I hold that our hermeneutic should be derived from scripture, and this is the primary reason that I reject the SEV. One might object that we need a hermeneutic as a precondition for being able to read scripture in the first place, so how can we subsequently derive our hermeneutic from scripture? I’ll say more on that in my second post, when outlining the practical principles of hermeneutics. But that our hermeneutic should be derived from scripture is a central plank of my position, and I think that any attempt to avoid this is amounts to an abandonment of the doctrine of sola scriptura.
This leads me to the issue of canonicity, and development of doctrine. I hold that it does not matter in the slightest who wrote a particular text, or what knowledge they had, as far as canonicity is concerned. There are no objective criteria for canonicity. Whether a book should be canonical or not depends upon whether the author was inspired by the Holy Spirit, and there is no way of telling that except by listening to the text with the heart of faith. Canonicity is determined by the consensus of the believing community. How we tell who comprises the believing community will be dealt with in my next post, when the issue of principles of hermeneutics is addressed, in relation to the role of tradition in interpretation.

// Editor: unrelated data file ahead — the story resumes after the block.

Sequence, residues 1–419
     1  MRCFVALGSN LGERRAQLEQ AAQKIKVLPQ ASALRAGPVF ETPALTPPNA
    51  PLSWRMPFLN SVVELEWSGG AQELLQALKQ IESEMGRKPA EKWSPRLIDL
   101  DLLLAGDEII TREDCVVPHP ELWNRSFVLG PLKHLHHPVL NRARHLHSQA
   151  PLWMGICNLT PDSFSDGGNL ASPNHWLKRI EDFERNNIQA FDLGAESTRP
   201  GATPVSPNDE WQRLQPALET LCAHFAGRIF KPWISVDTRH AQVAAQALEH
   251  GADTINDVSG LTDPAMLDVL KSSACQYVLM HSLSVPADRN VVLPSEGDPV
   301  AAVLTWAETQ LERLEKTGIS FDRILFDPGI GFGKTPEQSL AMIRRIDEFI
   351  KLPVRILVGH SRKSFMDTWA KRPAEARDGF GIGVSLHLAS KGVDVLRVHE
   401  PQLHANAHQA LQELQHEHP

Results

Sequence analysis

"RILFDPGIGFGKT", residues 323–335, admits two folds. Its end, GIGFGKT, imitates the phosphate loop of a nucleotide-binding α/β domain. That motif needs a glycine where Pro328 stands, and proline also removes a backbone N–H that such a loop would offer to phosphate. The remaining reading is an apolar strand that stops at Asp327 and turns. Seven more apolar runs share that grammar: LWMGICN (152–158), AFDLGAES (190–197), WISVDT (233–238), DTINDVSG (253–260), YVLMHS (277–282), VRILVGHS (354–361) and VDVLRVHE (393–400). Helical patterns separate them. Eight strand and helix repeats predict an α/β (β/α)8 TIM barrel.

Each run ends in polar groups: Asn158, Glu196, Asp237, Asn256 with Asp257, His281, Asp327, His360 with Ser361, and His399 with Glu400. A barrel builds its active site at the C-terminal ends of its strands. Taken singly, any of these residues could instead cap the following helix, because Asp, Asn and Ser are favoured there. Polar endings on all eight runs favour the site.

As for development of doctrine, my view allows for real progress and evolution of doctrine. It does not matter at all to my view what the apostles thought about the nature of God; it matters not if, as I think the evidence demonstrates, the doctrine of the trinity was completely unknown before the 3rd century, and everyone before that time held doctrines that conflicted with it. Over time, the church, the body of believers, progressively evolves and improves their doctrine, as they study the text of scripture under the illumination of the Holy Spirit. Consider it like the exploration of a new continent. The first generation of Christians, including the greatest of the apostles, merely mapped bits of the shoreline. The next generation mapped a little bit more, and so forth, until we are now well into the inland exploration. But the scripture is there to be discovered, and not merely rediscovered. Doctrine can be genuinely new – but if it is true, it will subsequently commend itself to the body of believers, as happened at the Reformation. If a new doctrine emerges, but over a period of time does not commend itself to the body, then it is almost certainly false.
2. The Issue of Historicity
A common issue raised with relation to my view, is that of historicity. Because I regard the human author’s intended meaning as being both errant and theologically irrelevant, in principle the issue of how reliable the Bible is when it narrates history is completely immaterial. Hence, it would seem that I could hold that all the Gospels and Acts, for instance, were pure fiction, but that God spoke through the author (without him being aware of this) in such a way as to build a deeper divine meaning into them. But, so the objection runs, Christianity cannot be completely ahistorical, without ceasing to be orthodox.